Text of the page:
Signature change, vacuum condensation and cosmological constant  [PDF]
F. Darabi
Physics , 2007, DOI: 10.1007/s10714-007-0561-9
Abstract: We proposes an alternative model of duality symmetry, based on the previously obtained divergence theory, including an scalar field, an internal vector and a metric signature. At some small scale an effective scalar field equation has appeared whose potential acts like a Higgs one, where the metric signature plays the role of an order parameter. Non-vanishing Vacuum condensation of this Higgs field occurs once a signature change from Euclidean to Lorentzian is formed. The mass scale of Higgs field excitations around this vacuum may contribute, in the Lorentzian sector, to the cosmological constant, in agreement with observations.
The Only Certainty is Change: A Library Management Response to a Changing Environment
Mirjam M. Foot
Liber Quarterly : The Journal of European Research Libraries , 1999,
Abstract: The theme of this year’s LIBER conference emphasises the changing missions libraries envisage for the decade ahead and the different skills that are needed to fulfil these missions. However, change - a word we are hearing often during this week - does not materialise in a void, it does not just happen. There are reasons for the changing world in which libraries need to function and I would like to start by looking at a few of them.
Dimensionality, topology, energy, the cosmological constant, and signature change  [PDF]
Franz Embacher
Physics , 1995, DOI: 10.1088/0264-9381/13/5/012
Abstract: Using the concept of real tunneling configurations (classical signature change) and nucleation energy, we explore the consequences of an alternative minimization procedure for the Euclidean action in multiple-dimensional quantum cosmology. In both standard Hartle-Hawking type as well as Coleman type wormhole-based approaches, it is suggested that the action should be minimized among configurations of equal energy. In a simplified model, allowing for arbitrary products of spheres as Euclidean solutions, the favoured space-time dimension is 4, the global topology of spacelike slices being ${\bf S}^1 \times {\bf S}^2$ (hence predicting a universe of Kantowski-Sachs type). There is, however, some freedom for a Kaluza-Klein scenario, in which case the observed spacelike slices are ${\bf S}^3$. In this case, the internal space is a product of two-spheres, and the total space-time dimension is 6, 8, 10 or 12.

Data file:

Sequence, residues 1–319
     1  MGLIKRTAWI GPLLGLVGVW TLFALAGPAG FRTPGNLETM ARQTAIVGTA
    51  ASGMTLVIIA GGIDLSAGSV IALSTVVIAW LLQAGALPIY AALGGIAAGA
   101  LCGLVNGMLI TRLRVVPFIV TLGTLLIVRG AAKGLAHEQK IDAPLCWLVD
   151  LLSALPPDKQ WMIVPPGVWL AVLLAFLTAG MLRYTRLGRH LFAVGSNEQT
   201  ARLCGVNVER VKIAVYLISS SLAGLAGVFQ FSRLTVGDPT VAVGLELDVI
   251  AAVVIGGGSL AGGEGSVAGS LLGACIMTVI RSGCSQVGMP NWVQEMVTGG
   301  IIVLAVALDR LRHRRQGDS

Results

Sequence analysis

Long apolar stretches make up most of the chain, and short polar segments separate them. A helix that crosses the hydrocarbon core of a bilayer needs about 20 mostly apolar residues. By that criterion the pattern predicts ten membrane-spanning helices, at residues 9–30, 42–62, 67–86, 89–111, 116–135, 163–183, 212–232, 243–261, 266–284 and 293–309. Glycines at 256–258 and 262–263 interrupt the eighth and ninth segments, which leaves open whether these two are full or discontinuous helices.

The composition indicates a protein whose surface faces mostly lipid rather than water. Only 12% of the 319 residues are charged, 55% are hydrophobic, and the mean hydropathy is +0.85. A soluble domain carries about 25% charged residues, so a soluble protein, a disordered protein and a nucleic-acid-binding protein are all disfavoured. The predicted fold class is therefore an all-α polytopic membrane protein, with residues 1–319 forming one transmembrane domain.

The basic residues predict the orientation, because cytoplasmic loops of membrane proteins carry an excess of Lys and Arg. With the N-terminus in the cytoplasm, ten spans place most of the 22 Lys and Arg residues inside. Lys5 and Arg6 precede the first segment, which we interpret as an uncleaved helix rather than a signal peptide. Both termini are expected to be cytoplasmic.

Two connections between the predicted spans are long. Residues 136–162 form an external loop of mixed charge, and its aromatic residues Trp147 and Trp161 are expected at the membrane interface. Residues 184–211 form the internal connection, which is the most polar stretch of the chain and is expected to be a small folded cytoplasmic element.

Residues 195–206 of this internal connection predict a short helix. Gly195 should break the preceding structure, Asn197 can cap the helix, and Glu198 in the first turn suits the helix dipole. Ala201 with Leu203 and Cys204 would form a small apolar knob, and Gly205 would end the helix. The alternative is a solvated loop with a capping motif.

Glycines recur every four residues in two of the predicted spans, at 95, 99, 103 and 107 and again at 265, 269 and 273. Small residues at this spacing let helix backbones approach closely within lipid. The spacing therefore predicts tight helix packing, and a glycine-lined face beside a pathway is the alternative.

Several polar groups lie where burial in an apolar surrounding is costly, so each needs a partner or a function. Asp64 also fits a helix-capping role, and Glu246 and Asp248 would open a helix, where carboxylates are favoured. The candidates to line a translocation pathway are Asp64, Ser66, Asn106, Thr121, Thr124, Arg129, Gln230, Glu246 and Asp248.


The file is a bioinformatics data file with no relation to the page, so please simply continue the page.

Change of MIT Bag Constant in Nuclear Medium and Implication for the EMC Effect  [PDF]
Xuemin Jin,B. K. Jennings
Physics , 1996, DOI: 10.1103/PhysRevC.55.1567
Abstract: The modified quark-meson coupling model, which features a density dependent bag constant and bag radius in nuclear matter, is checked against the EMC effect within the framework of dynamical rescaling. Our emphasis is on the change in the average bag radius in nuclei, as evaluated in a local density approximation, and its implication for the rescaling parameter. We find that when the bag constant in nuclear matter is significantly reduced from its free-space value, the resulting rescaling parameter is in good agreement with that required to explain the observed depletion of the structure functions in the medium Bjorken $x$ region. Such a large reduction of the bag constant also implies large and canceling Lorentz scalar and vector potentials for the nucleon in nuclear matter which are comparable to those suggested by the relativistic nuclear phenomenology and finite-density QCD sum rules.
Facility location problems in the constant work-space read-only memory model  [PDF]
Binay K. Bhattacharya,Minati De,Subhas C. Nandy,Sasanka Roy
Computer Science , 2014,